As a long-time elementary school occupational therapist and as a parent, I know firsthand the benefits of free movement on children’s physical and emotional well-being. Making the time and finding the space for physical activity improves physical health, attention, self-regulation, mood, and is, you know, fun (because children should also get to have fun)!
As we grapple with reopening schools in the middle of an unprecedented public health crisis, New York City is proposing children and staff return to in-person learning with enormous restrictions inside school buildings. These restrictions are about maintaining physical distance from peers and following safety measures, such as wearing face coverings, washing hands, and avoiding shared materials. These physical restrictions create brand new social restrictions — and we cannot yet measure the psychological impact of children being kept six feet apart, interacting with fewer friends, and seeing only half of the faces of those they do see. On the days children are learning remotely, they face another set of restrictions brought on by hours of screens and video conferencing.
The concept of “least restrictive environment” is a part of the federal Individuals with Disabilities Education Act, or IDEA, and it means that children who receive special education should learn alongside peers who are in general education to the “maximum extent appropriate.” How can we use the idea of “least restrictive environments” to consider what all students will need from their schools this fall? How can we make sure that students’ surroundings won’t limit their education, but enhance it?
The coronavirus crisis offers an opportunity to reimagine elementary school education by moving it outdoors. Even before COVID-19, American children were sitting more and moving less, creating deficits in health and wellness, and affecting attention and self regulation, studies have shown.
Learning outdoors gives us a chance to have children move more, improving their gross motor skills, strength, endurance, and coordination. Learning outdoors gives children a chance to learn through play, which is essential for appropriate child development. Learning outdoors offers sensory experiences to support improved self-regulation and opportunities to promote and expand executive functioning skills. In my experience as a school-based occupational therapist, I’ve seen how much more grounded, focused, and ready to learn children can be after intensive movement-based play. And because the coronavirus is less likely to spread outdoors, student movement and their social interactions can be far less restricted outside than in school buildings.
Outside learning is more than being able to run and move and play. It’s exploring parks and neighborhoods, actively learning about the communities children live in and the nature that can be found in the corners of our city. It’s circle time and morning meeting, but on a closed street or in the recess yard. It’s readers’ and writers’ workshops, but under a tree or in the shade of a building. It’s using rocks and sticks as math manipulatives, and teaching emerging writers letter formations with good old fashioned chalk on asphalt. It is occupational, physical, and speech therapy on a play structure, using the power of play to reach therapeutic goals. The very act of taking school outside removes restrictions on what we imagine learning to be.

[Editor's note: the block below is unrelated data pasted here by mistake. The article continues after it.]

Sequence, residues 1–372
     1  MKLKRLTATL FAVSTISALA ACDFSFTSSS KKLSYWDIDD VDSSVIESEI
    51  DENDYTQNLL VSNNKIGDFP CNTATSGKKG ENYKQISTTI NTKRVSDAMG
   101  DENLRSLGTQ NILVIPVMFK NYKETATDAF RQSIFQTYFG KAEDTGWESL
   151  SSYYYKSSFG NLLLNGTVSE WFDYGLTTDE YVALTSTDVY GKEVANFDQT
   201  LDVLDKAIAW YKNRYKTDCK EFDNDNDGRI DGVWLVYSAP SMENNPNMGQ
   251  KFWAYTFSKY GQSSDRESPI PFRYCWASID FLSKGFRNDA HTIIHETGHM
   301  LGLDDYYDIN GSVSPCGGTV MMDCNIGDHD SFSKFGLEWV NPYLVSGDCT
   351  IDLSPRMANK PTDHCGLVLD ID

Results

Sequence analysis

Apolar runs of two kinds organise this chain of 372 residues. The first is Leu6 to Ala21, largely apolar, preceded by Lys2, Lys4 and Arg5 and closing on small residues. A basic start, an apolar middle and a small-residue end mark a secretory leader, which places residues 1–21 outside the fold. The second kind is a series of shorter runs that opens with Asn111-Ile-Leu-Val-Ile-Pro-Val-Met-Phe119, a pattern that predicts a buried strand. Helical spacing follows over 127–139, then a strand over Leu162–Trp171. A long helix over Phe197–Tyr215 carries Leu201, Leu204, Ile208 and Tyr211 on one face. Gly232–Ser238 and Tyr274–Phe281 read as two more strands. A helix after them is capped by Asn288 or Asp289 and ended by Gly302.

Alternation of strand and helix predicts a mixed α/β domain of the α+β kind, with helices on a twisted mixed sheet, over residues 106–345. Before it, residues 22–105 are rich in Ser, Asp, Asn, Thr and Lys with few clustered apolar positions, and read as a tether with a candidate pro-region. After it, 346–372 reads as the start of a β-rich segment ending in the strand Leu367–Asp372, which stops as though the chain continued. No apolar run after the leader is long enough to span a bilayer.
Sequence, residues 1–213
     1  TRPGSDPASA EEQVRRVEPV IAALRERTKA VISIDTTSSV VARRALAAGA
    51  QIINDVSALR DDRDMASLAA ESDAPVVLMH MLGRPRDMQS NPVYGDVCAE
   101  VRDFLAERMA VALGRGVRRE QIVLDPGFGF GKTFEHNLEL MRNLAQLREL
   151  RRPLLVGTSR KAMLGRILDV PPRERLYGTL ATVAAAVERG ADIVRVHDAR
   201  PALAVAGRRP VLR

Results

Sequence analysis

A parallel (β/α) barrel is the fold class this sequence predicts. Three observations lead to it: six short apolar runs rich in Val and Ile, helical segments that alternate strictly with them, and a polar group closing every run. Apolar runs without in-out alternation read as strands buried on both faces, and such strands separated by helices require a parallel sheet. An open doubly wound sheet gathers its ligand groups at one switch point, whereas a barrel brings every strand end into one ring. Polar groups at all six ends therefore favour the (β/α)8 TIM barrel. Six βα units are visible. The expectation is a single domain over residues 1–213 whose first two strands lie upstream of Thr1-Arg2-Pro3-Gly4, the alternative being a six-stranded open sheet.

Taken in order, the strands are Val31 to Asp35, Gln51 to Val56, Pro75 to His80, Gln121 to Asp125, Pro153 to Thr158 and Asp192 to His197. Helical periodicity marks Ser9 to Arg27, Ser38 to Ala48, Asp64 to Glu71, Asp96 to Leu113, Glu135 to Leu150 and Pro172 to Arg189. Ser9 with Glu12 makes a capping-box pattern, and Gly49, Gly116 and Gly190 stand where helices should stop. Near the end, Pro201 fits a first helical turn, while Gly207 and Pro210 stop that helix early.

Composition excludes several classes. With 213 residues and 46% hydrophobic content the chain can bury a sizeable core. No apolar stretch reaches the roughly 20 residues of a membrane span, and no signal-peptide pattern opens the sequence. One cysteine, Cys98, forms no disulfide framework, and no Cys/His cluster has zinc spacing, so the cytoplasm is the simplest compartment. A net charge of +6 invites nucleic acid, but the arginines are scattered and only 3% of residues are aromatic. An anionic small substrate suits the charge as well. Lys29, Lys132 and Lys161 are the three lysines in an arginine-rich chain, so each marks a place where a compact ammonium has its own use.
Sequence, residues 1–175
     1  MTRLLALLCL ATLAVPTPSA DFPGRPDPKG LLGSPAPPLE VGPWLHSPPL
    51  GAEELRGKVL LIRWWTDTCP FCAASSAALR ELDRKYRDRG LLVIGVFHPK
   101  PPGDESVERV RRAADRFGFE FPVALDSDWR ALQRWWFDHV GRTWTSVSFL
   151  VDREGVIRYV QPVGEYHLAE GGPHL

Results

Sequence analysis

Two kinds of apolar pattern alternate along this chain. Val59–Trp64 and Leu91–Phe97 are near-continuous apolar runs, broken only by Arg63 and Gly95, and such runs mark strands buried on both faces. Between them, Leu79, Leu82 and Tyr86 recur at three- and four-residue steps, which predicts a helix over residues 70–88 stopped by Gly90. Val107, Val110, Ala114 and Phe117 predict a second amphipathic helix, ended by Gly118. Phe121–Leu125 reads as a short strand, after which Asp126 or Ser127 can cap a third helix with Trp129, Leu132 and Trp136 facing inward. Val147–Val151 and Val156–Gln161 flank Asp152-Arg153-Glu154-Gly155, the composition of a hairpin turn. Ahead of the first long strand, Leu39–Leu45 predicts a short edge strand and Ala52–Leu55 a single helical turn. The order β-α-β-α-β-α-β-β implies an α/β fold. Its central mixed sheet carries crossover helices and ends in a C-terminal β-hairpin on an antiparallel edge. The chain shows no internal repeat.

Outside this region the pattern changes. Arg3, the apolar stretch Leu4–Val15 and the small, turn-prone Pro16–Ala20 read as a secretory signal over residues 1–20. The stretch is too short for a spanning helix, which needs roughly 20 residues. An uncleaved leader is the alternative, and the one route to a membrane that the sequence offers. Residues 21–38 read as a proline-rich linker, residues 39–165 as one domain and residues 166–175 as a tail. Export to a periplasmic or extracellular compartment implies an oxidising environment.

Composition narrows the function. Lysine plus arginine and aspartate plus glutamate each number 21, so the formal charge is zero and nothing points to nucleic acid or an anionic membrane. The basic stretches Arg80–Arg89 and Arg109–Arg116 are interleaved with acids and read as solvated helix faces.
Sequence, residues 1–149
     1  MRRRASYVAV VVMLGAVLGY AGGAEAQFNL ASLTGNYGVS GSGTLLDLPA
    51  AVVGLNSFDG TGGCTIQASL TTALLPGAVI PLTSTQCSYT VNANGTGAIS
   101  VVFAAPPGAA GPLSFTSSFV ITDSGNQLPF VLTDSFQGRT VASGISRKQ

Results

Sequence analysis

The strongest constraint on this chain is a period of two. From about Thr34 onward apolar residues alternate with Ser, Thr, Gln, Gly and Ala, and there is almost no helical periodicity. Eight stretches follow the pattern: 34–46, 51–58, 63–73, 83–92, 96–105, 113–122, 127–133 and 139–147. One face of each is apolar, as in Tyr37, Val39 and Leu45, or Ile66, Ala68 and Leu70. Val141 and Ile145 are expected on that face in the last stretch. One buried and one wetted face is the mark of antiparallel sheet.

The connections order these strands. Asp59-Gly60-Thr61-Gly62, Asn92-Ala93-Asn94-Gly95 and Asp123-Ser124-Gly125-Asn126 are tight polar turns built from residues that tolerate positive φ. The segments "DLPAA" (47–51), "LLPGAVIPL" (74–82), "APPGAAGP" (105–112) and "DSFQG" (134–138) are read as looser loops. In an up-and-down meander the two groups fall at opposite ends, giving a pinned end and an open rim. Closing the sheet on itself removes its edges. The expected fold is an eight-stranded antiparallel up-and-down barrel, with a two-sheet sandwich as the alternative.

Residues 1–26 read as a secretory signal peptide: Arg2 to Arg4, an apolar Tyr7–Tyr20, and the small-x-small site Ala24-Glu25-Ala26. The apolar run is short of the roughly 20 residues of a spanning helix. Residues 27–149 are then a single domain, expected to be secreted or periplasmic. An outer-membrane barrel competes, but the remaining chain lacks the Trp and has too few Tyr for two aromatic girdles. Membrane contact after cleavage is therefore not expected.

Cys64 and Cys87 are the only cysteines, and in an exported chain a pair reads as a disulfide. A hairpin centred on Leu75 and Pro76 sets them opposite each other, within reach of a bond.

Of course, outdoor learning isn’t a perfect solution. It poses its own set of logistical challenges and restrictions. How do we fund it when schools are already facing major (and outrageous) funding cuts? What don’t we fund in order to make this happen? How do we implement it equitably so that schools with fewer resources or don’t have nearby accessible outdoor space can also explore this option? (On this front, some lawmakers and public education advocates are pushing to close some school-adjacent city streets to traffic.)
Yes, there are concerns regarding bathroom access and inclement weather. As they say in Scandinavia, “There is no such as thing as bad weather, only bad clothes” — but how do we make sure all children have access to good outdoor clothes? As with all of the other options on the table, outdoor learning requires adequate and equitable funding to ensure these spaces are safe and appropriate for the students they serve.
Returning to school is a Catch-22. As a parent, I want my children safe, which means keeping them home and learning remotely. As a parent, I also want my children learning in the best context possible, which means in-person and alongside their friends. As an occupational therapist, I want to stay healthy and protect my family, which means working remotely. As an occupational therapist, I want to provide the best therapy possible, which means doing it in person and doing that as safely as possible.
There is no solution that works perfectly. They all come with hurdles and new restrictions in the age of COVID-19. But the least restrictive learning environment this fall? That would be outdoors.
Lisa Raymond-Tolan is a school-based occupational therapist in Brooklyn, a mom to two public school students, and co-president of Indivisible Nation BK.